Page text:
One man's struggle to contain the curse he hides within... and his last-ditch attempt to free himself with the love of family. But when it looks as if he is losing his battle, and ... See full summary »
In a red light district, newswoman Karen White is bugged by the police, investigating serial killer Eddie Quist, who has been molesting her through phone calls. After police officers find them in a peep-show cabin and shoot Eddie, Karen becomes emotionally disturbed and loses her memory. Hoping to conquer her inner demons, she heads for the Colony, a secluded retreat where the creepy residents are rather too eager to make her feel at home. There also seems to be a bizarre connection between Eddie Quist and this supposedly safe haven. And when, after nights of being tormented by unearthly cries, Karen ventures into the forest and makes a terrifying discovery. Written by
Tim Kretschmann <Tim.K@VirComm.com>
When Eddie is transforming into a wolf in front of Karen, his left hand turns gray and grows hair down to the knuckles. Then in the shot of his arm muscles expanding, his left hand has a normal skin color and hair only down to his wrist. See more »
Dr. George Waggner:
Repression. Repression is the father of neurosis, of self-hatred. Now, stress results when we fight against our impulses. We've all heard people talk about animal magnetism, the natural man. the noble savage, as if we'd lost something valuable in our long evolution into civilized human beings. Now there's a good reason for this.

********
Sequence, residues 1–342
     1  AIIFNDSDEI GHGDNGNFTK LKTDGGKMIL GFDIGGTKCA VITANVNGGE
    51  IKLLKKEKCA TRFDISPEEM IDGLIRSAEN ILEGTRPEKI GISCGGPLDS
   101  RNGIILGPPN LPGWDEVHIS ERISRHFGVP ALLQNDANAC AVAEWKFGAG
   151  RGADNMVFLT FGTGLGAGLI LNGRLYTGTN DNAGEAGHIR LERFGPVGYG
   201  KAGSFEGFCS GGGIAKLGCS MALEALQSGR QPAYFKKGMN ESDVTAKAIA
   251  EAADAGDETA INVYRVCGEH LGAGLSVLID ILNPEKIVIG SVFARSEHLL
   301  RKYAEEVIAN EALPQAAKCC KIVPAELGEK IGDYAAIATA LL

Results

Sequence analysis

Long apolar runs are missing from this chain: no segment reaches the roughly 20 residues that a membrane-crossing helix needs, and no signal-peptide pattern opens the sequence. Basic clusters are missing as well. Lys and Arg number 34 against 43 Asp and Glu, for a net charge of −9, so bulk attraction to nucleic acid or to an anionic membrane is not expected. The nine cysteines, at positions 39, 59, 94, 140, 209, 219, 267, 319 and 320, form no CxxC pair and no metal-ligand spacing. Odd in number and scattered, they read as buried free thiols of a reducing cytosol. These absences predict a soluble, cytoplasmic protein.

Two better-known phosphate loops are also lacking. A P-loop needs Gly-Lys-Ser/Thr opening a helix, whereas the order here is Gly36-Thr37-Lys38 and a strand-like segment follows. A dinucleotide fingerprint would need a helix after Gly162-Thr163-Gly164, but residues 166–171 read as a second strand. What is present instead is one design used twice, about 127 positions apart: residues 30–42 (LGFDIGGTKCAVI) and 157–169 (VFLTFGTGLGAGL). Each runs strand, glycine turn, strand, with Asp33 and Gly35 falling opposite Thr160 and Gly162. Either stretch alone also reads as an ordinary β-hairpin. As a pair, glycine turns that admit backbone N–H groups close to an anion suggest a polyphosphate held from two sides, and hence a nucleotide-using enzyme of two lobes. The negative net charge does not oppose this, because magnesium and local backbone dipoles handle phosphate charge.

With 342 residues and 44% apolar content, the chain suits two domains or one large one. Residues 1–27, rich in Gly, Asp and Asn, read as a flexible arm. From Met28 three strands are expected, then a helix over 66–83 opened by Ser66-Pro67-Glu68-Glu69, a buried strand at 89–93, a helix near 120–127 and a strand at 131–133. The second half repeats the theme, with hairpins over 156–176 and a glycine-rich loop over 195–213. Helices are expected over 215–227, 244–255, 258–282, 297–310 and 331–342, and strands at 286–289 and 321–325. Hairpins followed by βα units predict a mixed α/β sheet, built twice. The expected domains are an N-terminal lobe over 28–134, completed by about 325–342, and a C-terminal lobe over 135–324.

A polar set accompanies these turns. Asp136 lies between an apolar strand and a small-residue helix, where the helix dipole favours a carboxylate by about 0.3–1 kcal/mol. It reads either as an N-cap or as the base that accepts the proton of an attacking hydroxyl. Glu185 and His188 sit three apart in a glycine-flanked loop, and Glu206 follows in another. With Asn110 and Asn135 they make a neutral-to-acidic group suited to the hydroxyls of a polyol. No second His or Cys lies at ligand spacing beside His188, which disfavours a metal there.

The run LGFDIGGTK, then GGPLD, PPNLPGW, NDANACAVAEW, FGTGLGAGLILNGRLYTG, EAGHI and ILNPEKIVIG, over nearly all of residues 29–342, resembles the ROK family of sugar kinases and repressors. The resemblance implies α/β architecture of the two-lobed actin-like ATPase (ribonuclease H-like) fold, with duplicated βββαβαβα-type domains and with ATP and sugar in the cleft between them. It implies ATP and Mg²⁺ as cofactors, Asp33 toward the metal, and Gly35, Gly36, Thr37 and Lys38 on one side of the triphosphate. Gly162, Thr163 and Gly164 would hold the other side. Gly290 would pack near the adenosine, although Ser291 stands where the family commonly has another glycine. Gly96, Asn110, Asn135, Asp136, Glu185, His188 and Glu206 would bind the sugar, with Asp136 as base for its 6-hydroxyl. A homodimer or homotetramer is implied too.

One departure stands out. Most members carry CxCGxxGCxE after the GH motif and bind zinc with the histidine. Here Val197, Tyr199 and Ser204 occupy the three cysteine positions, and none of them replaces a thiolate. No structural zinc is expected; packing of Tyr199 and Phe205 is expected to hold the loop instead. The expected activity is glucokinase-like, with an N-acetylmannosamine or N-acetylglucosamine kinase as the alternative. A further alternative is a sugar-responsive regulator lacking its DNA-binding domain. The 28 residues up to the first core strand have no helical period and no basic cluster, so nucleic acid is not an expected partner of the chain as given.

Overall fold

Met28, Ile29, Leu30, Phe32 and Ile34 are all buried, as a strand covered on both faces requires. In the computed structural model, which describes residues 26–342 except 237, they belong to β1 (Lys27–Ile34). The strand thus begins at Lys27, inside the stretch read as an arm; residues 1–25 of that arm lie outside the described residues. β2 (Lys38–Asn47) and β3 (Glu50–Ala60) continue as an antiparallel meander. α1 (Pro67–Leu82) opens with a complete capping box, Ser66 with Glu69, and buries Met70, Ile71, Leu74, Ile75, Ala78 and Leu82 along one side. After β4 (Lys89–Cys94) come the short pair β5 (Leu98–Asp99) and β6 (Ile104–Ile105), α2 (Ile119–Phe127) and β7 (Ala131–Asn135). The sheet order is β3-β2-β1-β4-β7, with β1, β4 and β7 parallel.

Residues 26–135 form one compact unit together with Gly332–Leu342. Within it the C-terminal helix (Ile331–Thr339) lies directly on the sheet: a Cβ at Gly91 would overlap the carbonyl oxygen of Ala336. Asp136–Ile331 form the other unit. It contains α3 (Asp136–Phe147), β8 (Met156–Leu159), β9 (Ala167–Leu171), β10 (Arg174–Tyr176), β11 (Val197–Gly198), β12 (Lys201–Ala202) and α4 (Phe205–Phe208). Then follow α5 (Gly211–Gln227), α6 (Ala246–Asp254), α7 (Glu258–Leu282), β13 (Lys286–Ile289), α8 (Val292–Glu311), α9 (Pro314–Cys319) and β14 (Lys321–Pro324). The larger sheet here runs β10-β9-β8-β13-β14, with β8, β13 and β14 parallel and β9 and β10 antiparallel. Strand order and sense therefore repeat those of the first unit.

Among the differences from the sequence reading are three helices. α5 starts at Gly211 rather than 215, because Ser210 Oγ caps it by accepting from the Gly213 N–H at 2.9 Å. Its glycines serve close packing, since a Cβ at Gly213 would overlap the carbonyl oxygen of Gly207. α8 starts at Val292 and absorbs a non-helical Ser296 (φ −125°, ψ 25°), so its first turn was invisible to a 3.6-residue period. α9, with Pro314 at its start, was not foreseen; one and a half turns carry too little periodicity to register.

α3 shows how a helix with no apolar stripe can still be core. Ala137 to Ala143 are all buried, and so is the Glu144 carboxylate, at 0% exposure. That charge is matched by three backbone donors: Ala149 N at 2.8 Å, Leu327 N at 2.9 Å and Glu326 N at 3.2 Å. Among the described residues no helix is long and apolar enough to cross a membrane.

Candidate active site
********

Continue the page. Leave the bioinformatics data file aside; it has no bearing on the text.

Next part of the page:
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Listen to the critics, it's actually one of the best
Yes! For a change in the horror genre this film does deserve all of the praise, hype, cult following and respect it receives, even from the critics. I would go so far as to even admit that I find this Joe (Gremlins, Innerspace, The 'burbs, Matinee, Small soldiers) Dante flick one of his best crafted works, followed by PIRANHA.
It's always been a toss up between THE HOWLING and AN AMERICAN WEREWOLF IN LONDON for the most effective lycanthropy picture of postmodern horror cinema (anything since Psycho). Where John Landis used comedy more blatantly, the humour in THE HOWLING is far more satirical and subversive. Undoubtedly, Rob Bottin's effects steal the show as well as they did for John Carpenter's THE THING. The transformation of Eddie Quist, especially on the revamped DVD is something to behold.
For anyone with a passing interest in the horror genre this is a film to include on that 'TO SEE' list. For fans of werewolf movies this should go on that 'MUST SEE' list.
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